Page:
CHIRONOMUS Journal of Chironomidae Research , ces 365 derniers jours

Journal of Chironomidae research



vendredi 3 juin 2022

  • The Chironomus species studied by Letha Karunakaran in Singapore, with a review of the status of selected South-East Asian Chironomus

    In the 1960s Letha Karunakaran studied the chironomid fauna of Singapore but faced a lack of sufficiently detailed descriptions to enable identification of her material with any certainty. She recognized seven species of Chironomus (s.s) but sent me fixed larval material of only four of these which she tentatively identified as C. apicatus Johannsen 1932, C. costatus Johannsen 1932, C. javanus Kieffer 1924, and C. stupidus Johannsen 1932. She sent fixed larvae to me for confirmation of her identifications, but died before I was able to determine accurate identities from morphology alone. With additional comparative material, along with polytene chromosome banding patterns and DNA barcode sequence from the mitochondrial COI gene, the species have been identified as a form of C. flaviplumus (auct, not Tokunaga)(here called C. flaviplumus Type B), C. circumdatus Kieffer 1916, probably C. striatipennis Kieffer 1910, and Kiefferulus barbatitarsis (Kieffer 1911), respectively. The identification of one species as a form of C. flaviplumus required an assessment of the present state of knowledge of this species where the name has been applied to at least five different species. Determination of a valid name for this species is not currently possible. The confusion of species identification is an indication that there are a number of closely related species which constitute a “C. flaviplumus group”.


  • BOOK: Chironomidae of Central America: An Illustrated Guide to Larval Sub-fossils
  • Where the rare species hide: a new record of Parachironomus monochromus (van der Wulp, 1874) for Slovakia from artificial urban waterbodies

    Parachironomus monochromus (van der Wulp, 1874) was recorded for the first time in Slovakia in an urban pond and a city fountain along with a total of 27 other chironomid taxa recorded both as larvae and pupal exuviae. Our finding emphasizes the role of urban waterbodies as habitats for rare species and for maintaining and documenting aquatic biodiversity in cities.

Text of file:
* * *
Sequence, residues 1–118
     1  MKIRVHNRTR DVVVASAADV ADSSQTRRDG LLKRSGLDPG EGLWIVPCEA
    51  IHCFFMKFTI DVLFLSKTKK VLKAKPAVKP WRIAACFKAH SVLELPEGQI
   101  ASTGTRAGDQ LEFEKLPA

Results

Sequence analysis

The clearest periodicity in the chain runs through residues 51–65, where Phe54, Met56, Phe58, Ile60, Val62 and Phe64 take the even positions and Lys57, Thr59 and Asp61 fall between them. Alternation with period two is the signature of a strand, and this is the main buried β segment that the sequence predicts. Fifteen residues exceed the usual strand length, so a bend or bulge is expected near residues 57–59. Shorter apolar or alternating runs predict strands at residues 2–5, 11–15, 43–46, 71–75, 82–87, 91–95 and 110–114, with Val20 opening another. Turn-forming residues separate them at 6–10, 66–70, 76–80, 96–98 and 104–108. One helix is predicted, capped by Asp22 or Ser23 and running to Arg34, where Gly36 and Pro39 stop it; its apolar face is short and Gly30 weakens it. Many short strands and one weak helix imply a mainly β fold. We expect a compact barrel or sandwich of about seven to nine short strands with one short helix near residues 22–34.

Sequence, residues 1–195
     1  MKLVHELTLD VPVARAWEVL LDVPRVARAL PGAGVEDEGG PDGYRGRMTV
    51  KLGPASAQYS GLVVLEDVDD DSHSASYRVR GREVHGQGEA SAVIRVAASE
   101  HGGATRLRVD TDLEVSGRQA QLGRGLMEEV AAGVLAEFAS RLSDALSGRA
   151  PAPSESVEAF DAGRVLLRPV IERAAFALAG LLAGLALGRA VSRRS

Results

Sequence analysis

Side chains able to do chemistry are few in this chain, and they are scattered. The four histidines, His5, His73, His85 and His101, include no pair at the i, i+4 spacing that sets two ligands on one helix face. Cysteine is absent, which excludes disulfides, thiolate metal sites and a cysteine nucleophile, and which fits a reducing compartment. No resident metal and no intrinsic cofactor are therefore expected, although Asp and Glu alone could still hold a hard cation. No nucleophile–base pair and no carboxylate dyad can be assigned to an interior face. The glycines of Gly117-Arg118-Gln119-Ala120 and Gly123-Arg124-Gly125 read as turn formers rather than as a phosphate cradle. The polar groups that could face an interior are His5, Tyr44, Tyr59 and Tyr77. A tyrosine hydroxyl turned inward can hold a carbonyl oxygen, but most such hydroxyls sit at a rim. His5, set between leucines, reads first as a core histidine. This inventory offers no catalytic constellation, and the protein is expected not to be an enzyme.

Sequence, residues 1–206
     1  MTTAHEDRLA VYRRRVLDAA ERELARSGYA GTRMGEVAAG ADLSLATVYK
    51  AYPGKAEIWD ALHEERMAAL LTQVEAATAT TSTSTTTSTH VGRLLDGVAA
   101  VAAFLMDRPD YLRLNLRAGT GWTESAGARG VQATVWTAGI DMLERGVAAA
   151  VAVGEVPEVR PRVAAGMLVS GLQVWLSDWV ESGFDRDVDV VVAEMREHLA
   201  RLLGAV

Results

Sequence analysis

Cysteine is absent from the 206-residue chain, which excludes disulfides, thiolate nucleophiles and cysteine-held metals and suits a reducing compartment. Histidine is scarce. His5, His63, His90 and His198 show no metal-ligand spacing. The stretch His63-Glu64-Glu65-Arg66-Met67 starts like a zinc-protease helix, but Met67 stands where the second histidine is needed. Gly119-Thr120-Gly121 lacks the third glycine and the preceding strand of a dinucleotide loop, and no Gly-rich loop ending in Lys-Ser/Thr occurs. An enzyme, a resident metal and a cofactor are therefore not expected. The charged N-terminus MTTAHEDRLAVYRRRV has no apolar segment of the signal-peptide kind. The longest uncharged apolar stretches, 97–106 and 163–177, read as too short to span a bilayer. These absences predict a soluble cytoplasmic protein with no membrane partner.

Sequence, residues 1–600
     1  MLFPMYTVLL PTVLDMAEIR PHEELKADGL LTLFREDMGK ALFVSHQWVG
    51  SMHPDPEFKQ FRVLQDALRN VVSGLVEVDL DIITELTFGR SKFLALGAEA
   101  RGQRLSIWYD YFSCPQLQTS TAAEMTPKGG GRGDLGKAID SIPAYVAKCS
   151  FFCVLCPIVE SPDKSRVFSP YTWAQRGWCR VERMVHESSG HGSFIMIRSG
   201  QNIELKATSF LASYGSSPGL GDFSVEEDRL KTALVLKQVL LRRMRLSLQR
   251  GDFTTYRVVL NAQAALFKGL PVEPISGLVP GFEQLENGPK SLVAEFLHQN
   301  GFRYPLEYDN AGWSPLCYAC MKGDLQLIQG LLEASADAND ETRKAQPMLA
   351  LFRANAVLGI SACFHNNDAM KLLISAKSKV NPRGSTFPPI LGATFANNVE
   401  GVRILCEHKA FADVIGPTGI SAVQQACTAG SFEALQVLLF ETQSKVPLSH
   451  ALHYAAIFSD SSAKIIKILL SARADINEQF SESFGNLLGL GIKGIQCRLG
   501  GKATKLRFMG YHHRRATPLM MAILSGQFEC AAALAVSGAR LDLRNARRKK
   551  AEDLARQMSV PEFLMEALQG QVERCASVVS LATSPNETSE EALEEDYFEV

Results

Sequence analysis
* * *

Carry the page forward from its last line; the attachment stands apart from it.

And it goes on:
mardi 26 avril 2022

mardi 5 avril 2022

mardi 8 mars 2022

  • Verifying Australian Nilotanypus Kieffer (Chironomidae) in a global perspective: molecular phylogenetic analysis, new species and emended generic diagnoses

    Molecular data support two distinct species of Nilotanypus Kieffer (Chironomidae: Tanypodinae) differentiated on morphology in all stages. Each is described as Nilotanypus haplochelus new species and Nilotanypus ctenochelus new species respectively. Morphological differentiation is stronger in the larva and pupa, with adult stages less well differentiated, as seems usual in the genus. Both species are distributed widely across the Australian continent, but seemingly absent from offshore islands and Tasmania. A tendency towards lotic psammophily (sand-dwelling) is evident, with sympatry at some tropical / subtropical locations. Additional molecular data from non-Australian taxa indicates that N. ctenochelus is sister to all other sampled taxa and N. haplochelus to an undescribed species from oriental China. Review of all stages of several non-Australian species requires revised generic diagnoses, and, critically, recognition of Pentaneura comata Freeman 1953 as synonymous with the type of the genus, Nilotanypus remotissimus Kieffer 1923 (new synonym).


mardi 18 janvier 2022

mardi 28 décembre 2021

lundi 27 décembre 2021

  • A home at last! Changania choui Tseng, 1965 belongs to Thienemanniella Kieffer, 1911 (Diptera: Chironomidae: Orthocladiinae)

    The midge Changania choui Tseng, 1965 (Insecta, Diptera, Nematocera), originally described in the family Cecidomyiidae and recently transferred to the Ceratopogonidae, is recognised as an adult female in the Chironomidae, subfamily Orthocladiinae. The type material is missing, and the published description and illustrations are limited. Although the genus name Changania Tseng, 1965 becomes a new junior synonym of Thienemanniella Kieffer, 1911, Thienemanniella choui (Tseng 1965), new combination, should be treated as a nomen dubium.


jeudi 23 décembre 2021

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